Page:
1
\$\begingroup\$

While putting together a PCB project, I have come across the ACS724 current sensor, for measuring AC/DC current in high ranges up to 50 amps. This chip uses hall effect for measurement and is a 'pass-through' type of sensor: No shunt resistor or any other external circuit is used for sensing.

Now here is where it gets amazing: This chip comes in 8-pin SOIC package! For those not familiar, this is very very small. So I started looking for information about the SOIC package standards, but couldn't find anything relating to electrical capabilities, only dimensions. Using the chip involves thermal management but still, I have a hard time believing that a single pin on an SOIC package can handle 25 amps?!?

  • Does anyone know where to find electrical data on surface mount packages?
  • Does anyone have advice on using such a chip in a circuit, without causing some havoc?
\$\endgroup\$
13
  • \$\begingroup\$ I agree. But just a thought: the pin is just metal, heatsunk to the PCB, and not connected to anything else inside the IC unlike other ICs, so maybe it's okay? \$\endgroup\$
    – DKNguyen
    Apr 7 '20 at 22:35
  • \$\begingroup\$ Allegro is a respectable maker and I do trus them but it just seems 'outworldly' to put 25a in such a small pin \$\endgroup\$
    – Simon
    Apr 7 '20 at 22:39
  • \$\begingroup\$ I don't know how they do it but if I had to do it, uninformed as I am, I would keep the pins the same (no choice after all) and require them to be well-heat sunk to the PCB but have the conductor considerably wider inside the IC. You get even crazier current ratings for MOSFETs (though I never expect to be able to run at those in practice, unlike the current sensor). \$\endgroup\$
    – DKNguyen
    Apr 7 '20 at 22:39
  • \$\begingroup\$ I've played around in industrial VFD's and the switching semi's weigh up to pounds with their ceramic packages and are rated at 50 amps with 8mm screws for terminals; the whole allegro sensor fits on top of that screw with space to spare... That just clashes with my experience. \$\endgroup\$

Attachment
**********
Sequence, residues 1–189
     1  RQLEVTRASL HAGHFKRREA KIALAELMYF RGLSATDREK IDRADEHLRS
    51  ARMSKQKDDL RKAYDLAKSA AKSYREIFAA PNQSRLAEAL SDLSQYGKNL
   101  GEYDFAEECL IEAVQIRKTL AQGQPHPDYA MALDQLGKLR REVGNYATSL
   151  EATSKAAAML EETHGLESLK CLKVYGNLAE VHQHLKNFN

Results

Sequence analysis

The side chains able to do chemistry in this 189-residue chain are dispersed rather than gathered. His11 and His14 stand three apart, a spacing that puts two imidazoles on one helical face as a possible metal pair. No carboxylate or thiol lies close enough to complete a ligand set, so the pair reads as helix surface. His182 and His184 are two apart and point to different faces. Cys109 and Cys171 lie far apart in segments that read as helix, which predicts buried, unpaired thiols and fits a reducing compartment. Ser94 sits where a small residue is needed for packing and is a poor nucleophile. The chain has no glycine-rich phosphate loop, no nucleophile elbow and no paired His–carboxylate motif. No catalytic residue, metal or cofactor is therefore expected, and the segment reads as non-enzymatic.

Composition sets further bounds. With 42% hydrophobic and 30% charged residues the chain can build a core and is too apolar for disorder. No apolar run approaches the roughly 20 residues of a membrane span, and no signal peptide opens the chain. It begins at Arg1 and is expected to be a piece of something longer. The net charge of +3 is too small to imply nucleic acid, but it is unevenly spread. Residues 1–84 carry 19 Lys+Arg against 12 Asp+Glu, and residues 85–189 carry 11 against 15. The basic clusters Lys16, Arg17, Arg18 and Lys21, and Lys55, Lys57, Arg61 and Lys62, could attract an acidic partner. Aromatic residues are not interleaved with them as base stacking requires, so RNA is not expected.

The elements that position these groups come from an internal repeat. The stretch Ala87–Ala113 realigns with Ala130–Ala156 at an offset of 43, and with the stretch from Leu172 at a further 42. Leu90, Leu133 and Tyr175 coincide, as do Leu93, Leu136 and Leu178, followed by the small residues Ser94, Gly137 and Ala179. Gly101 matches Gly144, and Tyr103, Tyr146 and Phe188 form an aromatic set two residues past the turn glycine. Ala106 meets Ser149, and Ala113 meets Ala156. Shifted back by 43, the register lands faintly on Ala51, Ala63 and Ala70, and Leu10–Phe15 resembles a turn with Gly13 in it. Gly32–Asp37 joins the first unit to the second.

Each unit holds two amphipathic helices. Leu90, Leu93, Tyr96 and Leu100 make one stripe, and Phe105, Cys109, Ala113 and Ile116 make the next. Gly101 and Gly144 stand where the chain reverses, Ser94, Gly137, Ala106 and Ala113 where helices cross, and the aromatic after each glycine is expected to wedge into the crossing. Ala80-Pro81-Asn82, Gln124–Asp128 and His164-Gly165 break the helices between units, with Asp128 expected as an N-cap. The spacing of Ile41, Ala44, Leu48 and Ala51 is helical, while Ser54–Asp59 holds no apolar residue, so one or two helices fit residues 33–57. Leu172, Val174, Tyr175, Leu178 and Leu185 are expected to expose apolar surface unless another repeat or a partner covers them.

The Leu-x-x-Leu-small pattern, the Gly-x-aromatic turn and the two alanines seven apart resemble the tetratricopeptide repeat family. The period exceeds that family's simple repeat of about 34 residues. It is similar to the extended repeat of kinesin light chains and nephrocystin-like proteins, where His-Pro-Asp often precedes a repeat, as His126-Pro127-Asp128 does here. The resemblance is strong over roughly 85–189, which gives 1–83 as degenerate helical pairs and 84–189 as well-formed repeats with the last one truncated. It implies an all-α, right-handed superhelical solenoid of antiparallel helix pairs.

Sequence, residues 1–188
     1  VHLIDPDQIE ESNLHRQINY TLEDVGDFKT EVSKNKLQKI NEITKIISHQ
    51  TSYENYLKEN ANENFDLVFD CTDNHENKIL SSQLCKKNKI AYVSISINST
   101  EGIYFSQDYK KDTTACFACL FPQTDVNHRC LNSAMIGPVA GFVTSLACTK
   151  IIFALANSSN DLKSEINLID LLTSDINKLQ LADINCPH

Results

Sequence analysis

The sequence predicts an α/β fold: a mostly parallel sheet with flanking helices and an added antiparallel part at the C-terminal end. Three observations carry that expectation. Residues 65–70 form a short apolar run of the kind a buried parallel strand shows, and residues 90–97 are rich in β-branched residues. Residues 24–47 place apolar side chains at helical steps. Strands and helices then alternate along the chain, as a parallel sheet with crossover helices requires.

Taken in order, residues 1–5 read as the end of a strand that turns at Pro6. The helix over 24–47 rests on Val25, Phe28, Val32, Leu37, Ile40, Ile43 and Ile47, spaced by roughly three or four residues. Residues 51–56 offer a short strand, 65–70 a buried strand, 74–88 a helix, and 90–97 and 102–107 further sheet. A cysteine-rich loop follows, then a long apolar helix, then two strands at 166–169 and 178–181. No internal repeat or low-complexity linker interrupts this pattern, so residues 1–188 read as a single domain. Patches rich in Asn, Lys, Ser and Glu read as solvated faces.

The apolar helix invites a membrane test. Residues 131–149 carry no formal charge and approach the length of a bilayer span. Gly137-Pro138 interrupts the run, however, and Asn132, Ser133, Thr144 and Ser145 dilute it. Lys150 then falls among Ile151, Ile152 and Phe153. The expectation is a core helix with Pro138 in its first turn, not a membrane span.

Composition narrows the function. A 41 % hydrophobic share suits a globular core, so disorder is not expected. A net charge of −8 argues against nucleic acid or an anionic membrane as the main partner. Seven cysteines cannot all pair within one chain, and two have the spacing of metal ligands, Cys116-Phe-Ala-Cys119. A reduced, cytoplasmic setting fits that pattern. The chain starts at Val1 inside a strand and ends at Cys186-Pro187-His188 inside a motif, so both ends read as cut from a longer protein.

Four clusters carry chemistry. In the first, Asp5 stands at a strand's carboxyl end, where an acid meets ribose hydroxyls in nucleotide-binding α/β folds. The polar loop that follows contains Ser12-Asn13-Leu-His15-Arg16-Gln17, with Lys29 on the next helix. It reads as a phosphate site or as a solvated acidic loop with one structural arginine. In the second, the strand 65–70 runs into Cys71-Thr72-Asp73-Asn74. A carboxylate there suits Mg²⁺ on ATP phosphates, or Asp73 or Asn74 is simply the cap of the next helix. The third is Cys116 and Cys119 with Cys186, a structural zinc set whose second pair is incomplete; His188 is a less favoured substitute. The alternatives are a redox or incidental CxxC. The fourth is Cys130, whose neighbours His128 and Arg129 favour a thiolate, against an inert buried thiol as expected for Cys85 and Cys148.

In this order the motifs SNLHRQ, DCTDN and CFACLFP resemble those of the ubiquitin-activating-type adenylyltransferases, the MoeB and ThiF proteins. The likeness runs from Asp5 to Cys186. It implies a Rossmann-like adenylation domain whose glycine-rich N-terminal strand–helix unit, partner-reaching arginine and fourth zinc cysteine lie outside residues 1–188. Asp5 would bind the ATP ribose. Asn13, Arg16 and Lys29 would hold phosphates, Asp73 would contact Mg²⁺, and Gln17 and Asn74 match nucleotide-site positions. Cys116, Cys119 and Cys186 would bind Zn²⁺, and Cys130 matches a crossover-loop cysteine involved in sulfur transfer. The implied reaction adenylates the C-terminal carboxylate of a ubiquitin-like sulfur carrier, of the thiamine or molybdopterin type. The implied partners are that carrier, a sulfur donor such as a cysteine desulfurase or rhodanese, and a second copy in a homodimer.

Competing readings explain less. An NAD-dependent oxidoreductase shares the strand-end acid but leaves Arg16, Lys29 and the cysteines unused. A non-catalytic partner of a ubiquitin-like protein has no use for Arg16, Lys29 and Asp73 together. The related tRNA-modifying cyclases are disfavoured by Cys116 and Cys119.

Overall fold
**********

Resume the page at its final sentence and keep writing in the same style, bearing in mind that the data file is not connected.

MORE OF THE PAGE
– Simon
    Apr 7 '20 at 22:51
  • \$\begingroup\$ There's a reason I use the CQ-3202 and not the ACS724. For the record, it seems to heat up to like 60-80C at 20A and it has massive terminals. Though...that heat could be coming from accidentally undersizing the trace leading to it. It's hard for me to be sure. \$\endgroup\$
    – DKNguyen
    Apr 7 '20 at 22:55
1
\$\begingroup\$

Assume the pins conduct about as well as AWG 28. That's a resistance of 0.106 ohms per meter.

The pins of an SOIC8 are approximately 2mm long.

You split the current between two pins, so you halve the resistance.

That'd be something like \$ \frac{0.002m \times 0.213 ohms/m}{2}= 0.000213 ohms\$

At 50A, that's a voltage drop of 0.01065V.

Total power dissipated in one pair of pins is then about 0.53 watts.

The 50A sounds scary, but the total power lost through the pins is fairly small. You still need to get rid of the heat, though.

That's why datasheet shows that the evaluation board has those great honking copper areas attached to those pins:

enter image description here


The values above aren't necessarily exact. They are intended to show that even though the current seems outrageously high, the total loss as heat will be much lower than a first glance suggests.

\$\endgroup\$
10
  • \$\begingroup\$ The pin cross section only works out to be 0.04mm^2. 24 AWG is 0.2mm^2 \$\endgroup\$
    – DKNguyen
    Apr 7 '20 at 22:59
  • \$\begingroup\$ The pin cross section is about 0.4mmX0.4mm=0.16mm^2. That's about AWG 25. 0.106 ohms per meter. \$\endgroup\$
    – JRE
    Apr 7 '20 at 23:05
  • \$\begingroup\$ My bad. It's 0.39 x 0.19mm^2 which is 0.0741mm^2. Not sure where you are getting the second 0.4 from. Two of them gets you in the ballpark of 24AWG I guess. \$\endgroup\$
    – DKNguyen
    Apr 7 '20 at 23:07
  • \$\begingroup\$ My brains are mush. Too late at night here for this. I'll try it again. \$\endgroup\$
    – JRE
    Apr 7 '20 at 23:10
  • \$\begingroup\$ Hmmpf. I mixed Ll and T. \$\endgroup\$
    – JRE
    Apr 7 '20 at 23:11

Your Answer

By clicking “Post Your Answer”, you agree to our terms of service, privacy policy and cookie policy

Not the answer you're looking for? Browse other questions tagged or ask your own question.